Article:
Thrissur, the cultural capital of Kerala is famous for its many churches, but surprisingly what has made Thrissur world-famous is the holy temple of Shiva, the Vadakkunathan temple, and its Thrissur Pooram.
The Vadakkunathan temple is one of the oldest temples in the state and is a superb example of the Kerala school of architecture, with three tiled roofs that are synonymous with this style. This temple plays host to the world famous Thrissur Pooram (festival), where one can see thirty elephants congregating at one time. The temple has been declared a national monument by the central government.
There is a maidan or empty land in front of the temple where the Pooram takes place. According to a legend, King Sakthanthampuran ordered the forest that surrounded the temple to be cleared because a branch brushed against his palanquin, causing the formation of the maidan. It was Sakthanthampuran who gave full powers to the two temples of Thiruvambadi and Paramekavu to conduct the Thrissur Pooram in a manner befitting mighty kings. The onus of conducting the celebration falls on these two temples to this day. In fact the schedule of the thirty-six hour-long program is said to have been drawn up by Sakthanthampuran himself.
The temple has a small auditorium or performing theatre, Kuthambalam, where ancient art forms are performed. It is also the venue for Koodiyattam, a classical dance dating back at least two thousand years. The saint Adi Shankaracharya spent his last few days in this temple.
The mother of all Poorams is the Thrissur Pooram, a people’s festival cutting through caste and religion that falls in the month of April. It is conducted by the active participation of the people of Thrissur. In fact people who have moved out from Thrissur come back year after year to conduct and take part in the Pooram; such is the greatness of this festival.
The festival comprises a procession of bejeweled and caparisoned elephants to the accompaniment of drums, exchanges of parasols atop the elephants and a display of fireworks. The festival begins with ezhinellippu or ‘the visit’ to the Kanimangalam Shasta followed by the ezhinellippu of six other minor temples. The ezhinellippu is a ritual symbolizing the visit of the Devi or the Goddess from the Paramekavu and the Thiruvambadi temples to the Vadakkunathan temple.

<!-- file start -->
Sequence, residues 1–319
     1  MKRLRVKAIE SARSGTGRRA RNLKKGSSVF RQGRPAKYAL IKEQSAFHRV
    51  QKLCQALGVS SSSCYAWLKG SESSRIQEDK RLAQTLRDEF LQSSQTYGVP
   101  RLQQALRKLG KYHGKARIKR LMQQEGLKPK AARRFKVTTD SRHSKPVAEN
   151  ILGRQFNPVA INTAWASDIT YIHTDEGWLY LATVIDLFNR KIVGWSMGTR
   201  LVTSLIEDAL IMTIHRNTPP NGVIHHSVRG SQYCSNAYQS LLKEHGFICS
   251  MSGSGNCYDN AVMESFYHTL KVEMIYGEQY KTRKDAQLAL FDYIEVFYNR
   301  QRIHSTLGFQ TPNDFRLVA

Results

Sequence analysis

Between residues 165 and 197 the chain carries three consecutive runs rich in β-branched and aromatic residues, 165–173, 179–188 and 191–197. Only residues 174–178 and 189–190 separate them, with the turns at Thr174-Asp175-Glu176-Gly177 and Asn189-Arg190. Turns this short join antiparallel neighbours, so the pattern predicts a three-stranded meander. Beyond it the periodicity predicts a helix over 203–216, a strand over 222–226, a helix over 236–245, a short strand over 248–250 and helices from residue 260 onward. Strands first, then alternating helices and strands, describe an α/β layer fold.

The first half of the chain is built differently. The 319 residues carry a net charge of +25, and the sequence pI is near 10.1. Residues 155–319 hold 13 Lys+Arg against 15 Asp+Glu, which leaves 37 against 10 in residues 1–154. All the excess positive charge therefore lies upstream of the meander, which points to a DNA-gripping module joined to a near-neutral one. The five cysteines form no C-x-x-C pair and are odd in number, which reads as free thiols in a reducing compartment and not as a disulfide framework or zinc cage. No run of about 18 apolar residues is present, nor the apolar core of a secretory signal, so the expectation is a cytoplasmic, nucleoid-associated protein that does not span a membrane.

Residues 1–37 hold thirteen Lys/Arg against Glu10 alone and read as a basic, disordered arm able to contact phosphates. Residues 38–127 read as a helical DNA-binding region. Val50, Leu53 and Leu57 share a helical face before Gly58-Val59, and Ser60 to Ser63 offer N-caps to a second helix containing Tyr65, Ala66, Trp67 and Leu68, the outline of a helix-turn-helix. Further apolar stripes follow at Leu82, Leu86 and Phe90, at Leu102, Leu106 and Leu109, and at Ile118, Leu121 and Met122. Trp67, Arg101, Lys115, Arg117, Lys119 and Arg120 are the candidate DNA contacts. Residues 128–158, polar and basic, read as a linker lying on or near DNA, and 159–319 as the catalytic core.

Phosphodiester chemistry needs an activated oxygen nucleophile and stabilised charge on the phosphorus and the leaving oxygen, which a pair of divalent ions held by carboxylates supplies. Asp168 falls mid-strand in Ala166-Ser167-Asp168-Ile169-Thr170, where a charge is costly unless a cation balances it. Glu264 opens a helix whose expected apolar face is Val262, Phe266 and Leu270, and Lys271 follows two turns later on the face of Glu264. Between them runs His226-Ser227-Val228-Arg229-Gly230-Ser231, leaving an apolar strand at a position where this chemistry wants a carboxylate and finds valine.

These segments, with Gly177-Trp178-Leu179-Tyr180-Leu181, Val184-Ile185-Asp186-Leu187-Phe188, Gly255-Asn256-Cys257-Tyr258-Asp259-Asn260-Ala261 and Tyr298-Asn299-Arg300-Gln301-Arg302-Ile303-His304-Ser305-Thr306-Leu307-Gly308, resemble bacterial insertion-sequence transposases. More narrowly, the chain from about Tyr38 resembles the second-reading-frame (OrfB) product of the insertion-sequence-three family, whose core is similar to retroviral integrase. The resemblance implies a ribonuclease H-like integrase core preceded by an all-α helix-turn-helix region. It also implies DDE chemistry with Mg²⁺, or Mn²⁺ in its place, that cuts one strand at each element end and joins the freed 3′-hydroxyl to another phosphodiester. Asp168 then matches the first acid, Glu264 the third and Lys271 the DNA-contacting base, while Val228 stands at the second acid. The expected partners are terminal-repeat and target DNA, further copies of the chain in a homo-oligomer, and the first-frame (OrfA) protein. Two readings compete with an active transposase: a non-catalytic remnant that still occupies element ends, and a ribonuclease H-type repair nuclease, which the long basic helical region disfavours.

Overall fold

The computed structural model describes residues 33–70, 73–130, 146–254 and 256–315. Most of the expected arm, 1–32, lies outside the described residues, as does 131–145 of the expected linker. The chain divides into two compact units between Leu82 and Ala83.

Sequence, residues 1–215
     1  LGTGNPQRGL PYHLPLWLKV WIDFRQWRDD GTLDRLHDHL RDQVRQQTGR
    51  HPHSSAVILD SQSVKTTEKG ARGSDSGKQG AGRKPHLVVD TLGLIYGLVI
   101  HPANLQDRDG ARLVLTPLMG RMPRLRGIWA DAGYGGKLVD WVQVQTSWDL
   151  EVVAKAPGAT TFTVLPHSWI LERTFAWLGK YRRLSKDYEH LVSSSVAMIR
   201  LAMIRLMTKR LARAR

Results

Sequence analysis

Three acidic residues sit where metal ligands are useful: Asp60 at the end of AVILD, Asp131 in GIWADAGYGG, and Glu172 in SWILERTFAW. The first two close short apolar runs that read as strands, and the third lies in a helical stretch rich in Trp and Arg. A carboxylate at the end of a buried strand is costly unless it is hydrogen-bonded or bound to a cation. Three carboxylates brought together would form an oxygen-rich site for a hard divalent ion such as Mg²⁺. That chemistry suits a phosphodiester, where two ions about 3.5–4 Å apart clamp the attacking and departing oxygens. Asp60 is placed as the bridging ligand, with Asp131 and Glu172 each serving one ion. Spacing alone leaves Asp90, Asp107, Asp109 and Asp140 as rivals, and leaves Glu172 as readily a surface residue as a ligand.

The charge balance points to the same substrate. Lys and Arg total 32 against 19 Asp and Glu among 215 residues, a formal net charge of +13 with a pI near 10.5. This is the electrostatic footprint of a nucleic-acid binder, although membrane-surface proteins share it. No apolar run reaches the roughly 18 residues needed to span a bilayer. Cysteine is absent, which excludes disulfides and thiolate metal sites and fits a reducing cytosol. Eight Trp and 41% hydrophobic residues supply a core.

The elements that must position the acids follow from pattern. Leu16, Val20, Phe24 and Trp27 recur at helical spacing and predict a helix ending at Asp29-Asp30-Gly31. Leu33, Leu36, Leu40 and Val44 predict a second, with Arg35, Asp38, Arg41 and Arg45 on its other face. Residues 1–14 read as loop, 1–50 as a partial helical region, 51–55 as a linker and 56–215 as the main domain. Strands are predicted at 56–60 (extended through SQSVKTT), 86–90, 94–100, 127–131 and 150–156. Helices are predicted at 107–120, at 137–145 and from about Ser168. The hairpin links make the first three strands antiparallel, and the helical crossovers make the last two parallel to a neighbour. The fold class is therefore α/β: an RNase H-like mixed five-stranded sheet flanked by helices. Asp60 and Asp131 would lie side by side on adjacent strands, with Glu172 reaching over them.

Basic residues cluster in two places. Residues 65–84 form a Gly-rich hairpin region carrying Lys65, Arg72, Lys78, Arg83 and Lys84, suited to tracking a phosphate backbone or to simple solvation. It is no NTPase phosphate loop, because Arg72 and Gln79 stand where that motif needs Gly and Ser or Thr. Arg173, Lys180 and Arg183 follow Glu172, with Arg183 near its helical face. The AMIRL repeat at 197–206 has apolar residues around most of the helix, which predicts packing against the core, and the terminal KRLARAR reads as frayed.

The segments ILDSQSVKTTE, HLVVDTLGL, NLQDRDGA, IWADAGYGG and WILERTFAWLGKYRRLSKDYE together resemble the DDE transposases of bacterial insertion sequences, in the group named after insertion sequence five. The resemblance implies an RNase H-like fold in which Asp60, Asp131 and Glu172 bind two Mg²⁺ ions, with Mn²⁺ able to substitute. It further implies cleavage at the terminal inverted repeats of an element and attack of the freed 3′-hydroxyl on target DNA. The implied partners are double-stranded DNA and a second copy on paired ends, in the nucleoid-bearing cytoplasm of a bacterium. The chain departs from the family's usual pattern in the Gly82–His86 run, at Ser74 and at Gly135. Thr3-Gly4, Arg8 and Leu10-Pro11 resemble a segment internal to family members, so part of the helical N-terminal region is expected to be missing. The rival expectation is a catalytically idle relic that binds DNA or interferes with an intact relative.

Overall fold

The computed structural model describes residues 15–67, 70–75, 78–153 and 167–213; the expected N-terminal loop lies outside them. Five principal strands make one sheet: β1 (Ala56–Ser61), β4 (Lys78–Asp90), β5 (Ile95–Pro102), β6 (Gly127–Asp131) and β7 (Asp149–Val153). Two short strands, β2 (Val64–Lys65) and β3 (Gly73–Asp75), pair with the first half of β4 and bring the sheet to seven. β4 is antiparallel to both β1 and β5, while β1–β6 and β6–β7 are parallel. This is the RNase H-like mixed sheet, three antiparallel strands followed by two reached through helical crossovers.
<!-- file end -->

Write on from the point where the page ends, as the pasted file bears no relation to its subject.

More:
One of the highlights of this festival is the participation of two hundred artistes in the disciplines of thimila, maddalam, trumpet, cymbal and edakka, in the Panchavadyam or the orchestra of five instruments. Towards noon one can hear the Pandemelam or the orchestra of the drums, pipe, trumpets and cymbals. The finale of the festival is the bidding of farewell to the deities of the Thiruvambadi and Paramekavu temples in front of the western gate of the Vadakkunathan temple.
Fifteen elephants from the Thiruvambadi temple and the same number from the Paramekavu temples are made to stand in front of each other and to the beat of the percussionists there is a colourful display of ‘Kodamattom’ or the exchanging of umbrellas or parasols. This is a competition of sorts and people are wonderstruck at the multihued parasol exchanges between the two devaswoms.
The grand finale is the mind boggling display of fireworks which draws many ‘oohs and aahs’ from the crowd, adding to the popularity of this mighty festival.
The secular nature of this festival is its highlight and the fact that Muslims and Christians take an active part should be an eye opener for various other celebrations in the country. Thrissur Pooram is indeed the mother of all Poorams in every sense of the word! Can you think of any other festivals that cut across religious barriers?